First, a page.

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    Did you know?

  • From 2001 to 2005, the average homeowner saw the value of his or her house jump by more than 50 percent.
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    May 25, 2015
    Happy Memorial Day

    Photo from Designs Next

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    May 21, 2015
    What Will Make Your Mortgage Approval Take Longer?

    In this seller’s market, it’s important to give yourself every advantage and be the most attractive buyer possible. The best way to do this is by getting pre-approved for your mortgage. Sellers do not want to waste their time with people who don’t have the funds. That’s why having your approval delayed can seriously hurt your chances of scoring your dream home. Check out this post by the Zillow team at Yahoo Homes for the biggest mistakes that will delay your approval:

    -Excluding details of your financial profile

    -Not providing every single piece of documentation

    -Confusing approval with pre-approval

    - Not sharing home offer details with the lender

    Photo Credit: Heiko Klingele 

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    May 20, 2015
    Wordless Wednesday: Small Modern Abode

    Photo from Home Adore 


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    May 18, 2015
    Is There Life After Debt?

    There are so many guides out there on how to get rid of debt. Almost everything I write on here, in fact, is about paying off your mortgage faster, getting out of student loan and credit card debt, and improving your credit score. But what happens when you have no more debt? You’ve paid off all your assets- your house, your car, your credit cards, and any other loans. So, now what? What do you do with your money now, besides enjoy it? Check out this article by Lisa Rowan at The Penny Hoarder for advice:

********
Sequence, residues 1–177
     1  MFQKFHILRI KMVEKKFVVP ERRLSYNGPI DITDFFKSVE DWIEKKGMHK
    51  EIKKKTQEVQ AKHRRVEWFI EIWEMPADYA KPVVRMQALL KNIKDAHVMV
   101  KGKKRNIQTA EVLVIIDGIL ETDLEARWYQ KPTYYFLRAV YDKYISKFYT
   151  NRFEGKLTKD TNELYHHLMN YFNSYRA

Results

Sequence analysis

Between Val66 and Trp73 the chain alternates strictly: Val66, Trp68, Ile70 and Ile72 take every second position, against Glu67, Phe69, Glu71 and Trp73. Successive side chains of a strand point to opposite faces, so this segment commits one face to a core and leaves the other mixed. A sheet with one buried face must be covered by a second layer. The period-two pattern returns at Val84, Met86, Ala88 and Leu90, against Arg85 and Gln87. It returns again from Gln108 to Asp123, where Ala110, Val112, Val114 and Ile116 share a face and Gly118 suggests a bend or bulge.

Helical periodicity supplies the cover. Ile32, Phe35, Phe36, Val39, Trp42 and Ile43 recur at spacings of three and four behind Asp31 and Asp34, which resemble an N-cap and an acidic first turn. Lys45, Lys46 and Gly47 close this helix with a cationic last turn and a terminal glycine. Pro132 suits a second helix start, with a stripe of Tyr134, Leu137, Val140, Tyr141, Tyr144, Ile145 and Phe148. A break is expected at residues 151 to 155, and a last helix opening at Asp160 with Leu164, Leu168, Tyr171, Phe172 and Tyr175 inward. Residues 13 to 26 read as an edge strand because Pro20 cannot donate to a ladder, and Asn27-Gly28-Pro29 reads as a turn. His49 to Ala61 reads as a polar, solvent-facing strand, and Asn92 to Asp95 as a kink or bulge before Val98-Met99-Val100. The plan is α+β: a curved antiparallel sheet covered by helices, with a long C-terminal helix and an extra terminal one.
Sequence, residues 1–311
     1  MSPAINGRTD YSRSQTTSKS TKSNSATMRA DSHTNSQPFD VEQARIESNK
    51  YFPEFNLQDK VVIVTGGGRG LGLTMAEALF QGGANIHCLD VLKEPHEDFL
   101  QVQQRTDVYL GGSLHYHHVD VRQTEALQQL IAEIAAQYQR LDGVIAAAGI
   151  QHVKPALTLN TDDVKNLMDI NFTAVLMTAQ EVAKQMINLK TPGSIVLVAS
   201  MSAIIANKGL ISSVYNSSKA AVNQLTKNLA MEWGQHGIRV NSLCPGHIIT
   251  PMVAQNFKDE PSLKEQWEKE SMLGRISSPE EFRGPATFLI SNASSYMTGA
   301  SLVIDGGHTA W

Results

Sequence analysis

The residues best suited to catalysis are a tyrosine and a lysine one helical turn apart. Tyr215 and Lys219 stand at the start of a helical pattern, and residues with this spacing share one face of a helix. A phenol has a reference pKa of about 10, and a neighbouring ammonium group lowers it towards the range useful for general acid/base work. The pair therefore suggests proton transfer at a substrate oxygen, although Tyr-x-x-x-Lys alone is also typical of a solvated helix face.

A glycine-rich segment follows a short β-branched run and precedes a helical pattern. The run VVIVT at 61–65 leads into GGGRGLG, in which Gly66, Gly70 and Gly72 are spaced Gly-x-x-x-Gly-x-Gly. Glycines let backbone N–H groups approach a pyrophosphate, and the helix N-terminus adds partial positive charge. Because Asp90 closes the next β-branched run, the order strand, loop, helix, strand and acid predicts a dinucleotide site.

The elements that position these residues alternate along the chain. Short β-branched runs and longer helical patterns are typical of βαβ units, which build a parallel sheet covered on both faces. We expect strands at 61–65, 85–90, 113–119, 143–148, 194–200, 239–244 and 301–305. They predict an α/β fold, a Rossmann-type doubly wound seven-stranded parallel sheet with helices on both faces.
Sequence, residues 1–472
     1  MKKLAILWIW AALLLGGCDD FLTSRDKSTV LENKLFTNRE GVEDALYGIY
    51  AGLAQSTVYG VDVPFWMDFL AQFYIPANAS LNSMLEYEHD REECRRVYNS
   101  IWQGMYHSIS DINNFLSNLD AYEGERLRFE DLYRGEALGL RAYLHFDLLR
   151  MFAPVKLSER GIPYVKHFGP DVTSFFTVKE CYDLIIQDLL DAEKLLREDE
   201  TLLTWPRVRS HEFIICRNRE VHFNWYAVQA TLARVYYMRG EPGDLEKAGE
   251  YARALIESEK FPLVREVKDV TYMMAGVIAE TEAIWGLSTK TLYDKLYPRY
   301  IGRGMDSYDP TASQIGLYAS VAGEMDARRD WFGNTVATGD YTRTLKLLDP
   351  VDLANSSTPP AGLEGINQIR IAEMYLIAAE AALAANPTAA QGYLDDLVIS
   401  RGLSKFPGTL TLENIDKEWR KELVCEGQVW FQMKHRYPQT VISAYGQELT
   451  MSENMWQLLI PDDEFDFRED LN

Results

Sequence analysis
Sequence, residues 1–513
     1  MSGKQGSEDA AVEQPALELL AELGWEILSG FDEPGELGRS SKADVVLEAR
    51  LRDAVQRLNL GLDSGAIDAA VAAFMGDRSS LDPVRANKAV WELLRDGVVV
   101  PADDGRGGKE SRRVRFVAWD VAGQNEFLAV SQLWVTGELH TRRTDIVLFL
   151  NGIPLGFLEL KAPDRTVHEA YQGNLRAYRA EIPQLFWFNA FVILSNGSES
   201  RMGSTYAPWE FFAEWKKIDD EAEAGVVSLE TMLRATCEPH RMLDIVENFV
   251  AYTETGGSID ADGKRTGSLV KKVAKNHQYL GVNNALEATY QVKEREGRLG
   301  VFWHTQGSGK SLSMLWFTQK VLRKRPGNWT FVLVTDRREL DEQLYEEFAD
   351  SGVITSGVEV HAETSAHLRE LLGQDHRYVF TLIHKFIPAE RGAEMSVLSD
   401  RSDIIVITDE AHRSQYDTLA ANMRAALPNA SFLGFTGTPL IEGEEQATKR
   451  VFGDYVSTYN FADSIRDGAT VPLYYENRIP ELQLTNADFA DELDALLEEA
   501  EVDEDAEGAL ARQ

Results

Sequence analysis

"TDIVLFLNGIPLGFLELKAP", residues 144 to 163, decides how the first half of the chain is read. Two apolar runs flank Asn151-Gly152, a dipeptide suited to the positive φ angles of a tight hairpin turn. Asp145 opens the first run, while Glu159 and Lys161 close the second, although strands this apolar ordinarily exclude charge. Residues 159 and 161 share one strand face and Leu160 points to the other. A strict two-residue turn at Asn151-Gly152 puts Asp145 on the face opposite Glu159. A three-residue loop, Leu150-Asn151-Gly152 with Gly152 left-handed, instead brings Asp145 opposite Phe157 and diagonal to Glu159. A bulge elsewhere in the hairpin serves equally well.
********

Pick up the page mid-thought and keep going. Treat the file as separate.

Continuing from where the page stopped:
-Celebrate! Throw a party for yourself, and invite your best friends. You’ve earned it.

    -Have a purpose for your money after debt. Choose a new financial goal to focus on- either on maxing out your 401k, getting into investing, or having a certain amount in your savings account. Seeing your savings grow can be more satisfying than seeing your debt shrink.

    -Make big plans- Go on a second honeymoon. Travel. Focus on your passions.

    Photo Credit: Stock Monkeys 

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    May 14, 2015
    Dining Out Less

    I hate to admit it, but I go out to eat wayyyy too much. It’s honestly my biggest expense, besides housing. I just don’t feel like I have the time to cook all my meals, and who wouldn’t rather have a real burger than some kind of hamburger helper? The problem is, eating out every day is way more expensive (and way more unhealthy) than buying your own ingredients and cooking. So, if you want to stop going out to eat, either for your bank account or for your health, check out this post by Missy Rakes at Graceful Little Honeybee for tips:

    -Create a weekly menu plan/ shopping list, and stick to it

    -Keep nutritious snacks in the car/at work to avoid impulsive drive thru decisions.

    -Do some freezer cooking. Taking a few hours a month to prepare home cooked meals for the freezer is a great way to save money and avoid eating out on busy nights

    Photo Credit: ebruli 

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    May 13, 2015
    Wordless Wednesday: Open Basement Plan

    Photo from South Shore Decorating Blog

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    May 11, 2015
    How Much Does A Late Mortgage Payment Lower Your Credit Score?